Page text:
Synopses & Reviews
There are many things that make learning to read Japanese difficult, and all of them have to do with kanji. It has been suggested that kanji be banned from use, which might prove awkward considering that they have been a part of the language for over a 1,400 years. It has also been suggested that they be simplified, and a half-hearted attempt was actually made to do just that. But, in the end, the student has only one recourse-which is, to learn them.
Of the many difficulties presented by kanji, this book takes up one: the fact that many of them look so very much alike. In your early years as a student, you may think that what you see before you is the simple character for "big," only to be told that, sorry, that's its look-alike, "dog." Later on in your career, you see what you believe to be the recently learned "rope," only to be told that it is its kissing cousin "steel." Years later, with a great deal of experience under your belt, you are still caught flat-footed when you mistake "samurai" for "wait."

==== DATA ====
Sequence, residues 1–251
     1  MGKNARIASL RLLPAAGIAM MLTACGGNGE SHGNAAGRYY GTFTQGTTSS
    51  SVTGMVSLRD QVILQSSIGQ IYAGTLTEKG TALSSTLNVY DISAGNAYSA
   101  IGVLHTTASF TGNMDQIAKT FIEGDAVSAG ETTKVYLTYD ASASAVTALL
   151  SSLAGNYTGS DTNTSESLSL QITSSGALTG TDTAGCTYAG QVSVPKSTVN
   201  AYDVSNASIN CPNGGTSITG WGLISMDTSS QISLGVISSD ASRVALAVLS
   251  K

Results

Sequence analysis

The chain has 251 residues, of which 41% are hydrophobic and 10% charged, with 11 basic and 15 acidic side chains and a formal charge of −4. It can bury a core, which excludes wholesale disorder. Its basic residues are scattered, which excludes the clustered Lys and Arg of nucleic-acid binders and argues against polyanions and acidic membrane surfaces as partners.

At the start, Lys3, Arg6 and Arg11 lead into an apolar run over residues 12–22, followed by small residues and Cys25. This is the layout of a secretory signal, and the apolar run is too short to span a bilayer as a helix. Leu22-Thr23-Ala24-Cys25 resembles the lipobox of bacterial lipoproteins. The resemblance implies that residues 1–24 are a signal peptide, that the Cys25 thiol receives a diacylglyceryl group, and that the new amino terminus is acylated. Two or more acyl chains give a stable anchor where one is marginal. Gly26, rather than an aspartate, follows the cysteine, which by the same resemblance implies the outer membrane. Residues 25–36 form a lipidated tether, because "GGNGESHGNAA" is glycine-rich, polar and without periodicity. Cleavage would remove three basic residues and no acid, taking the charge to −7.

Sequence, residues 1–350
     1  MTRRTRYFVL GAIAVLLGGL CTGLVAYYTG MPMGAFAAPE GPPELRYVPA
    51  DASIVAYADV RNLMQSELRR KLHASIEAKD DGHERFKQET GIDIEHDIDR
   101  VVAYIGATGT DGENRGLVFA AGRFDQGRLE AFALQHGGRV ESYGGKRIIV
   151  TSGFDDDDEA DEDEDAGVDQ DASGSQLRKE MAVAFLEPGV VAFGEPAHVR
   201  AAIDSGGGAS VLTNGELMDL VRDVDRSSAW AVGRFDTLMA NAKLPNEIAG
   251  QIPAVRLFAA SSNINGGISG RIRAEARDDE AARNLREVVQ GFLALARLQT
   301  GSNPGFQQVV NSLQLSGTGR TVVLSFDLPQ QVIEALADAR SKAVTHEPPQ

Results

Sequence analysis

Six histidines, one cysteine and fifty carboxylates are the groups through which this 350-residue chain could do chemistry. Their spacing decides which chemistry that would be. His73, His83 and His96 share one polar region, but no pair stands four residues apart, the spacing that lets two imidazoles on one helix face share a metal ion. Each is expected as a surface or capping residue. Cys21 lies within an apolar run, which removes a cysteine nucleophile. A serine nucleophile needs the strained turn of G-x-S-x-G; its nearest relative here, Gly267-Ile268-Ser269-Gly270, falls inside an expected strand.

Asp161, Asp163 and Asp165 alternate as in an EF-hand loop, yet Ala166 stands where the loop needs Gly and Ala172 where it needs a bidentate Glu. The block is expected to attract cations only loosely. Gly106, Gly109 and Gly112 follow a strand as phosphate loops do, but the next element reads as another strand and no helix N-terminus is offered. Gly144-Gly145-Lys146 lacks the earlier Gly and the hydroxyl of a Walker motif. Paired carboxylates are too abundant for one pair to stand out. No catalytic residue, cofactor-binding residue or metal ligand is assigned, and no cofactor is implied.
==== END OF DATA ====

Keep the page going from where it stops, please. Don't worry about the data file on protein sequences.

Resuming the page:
This book helps the student to overcome this problem of kissing cousins and spitting images, to become aware of the subtle differences that distinguish one kanji from another. With numerous exercises and charts, the tell-tale signs that give each kanji away are indelibly imprinted on the mind.
Many aspects of learning to read Japanese are difficult, and almost all of them have to do with kanji. With numerous exercises and charts, students learn to be aware of the subtile differences that distinguish one symbol from another.
A Practical Approach to Learning Look-alike Characters.
About the Author
YAEKO S. HABEIN was formerly an instructor at the University of Hawaii at Manoa, now retired. GERALD B. MATHIAL was formerly associate professor at the University of Hawaii at Manoa, now retired.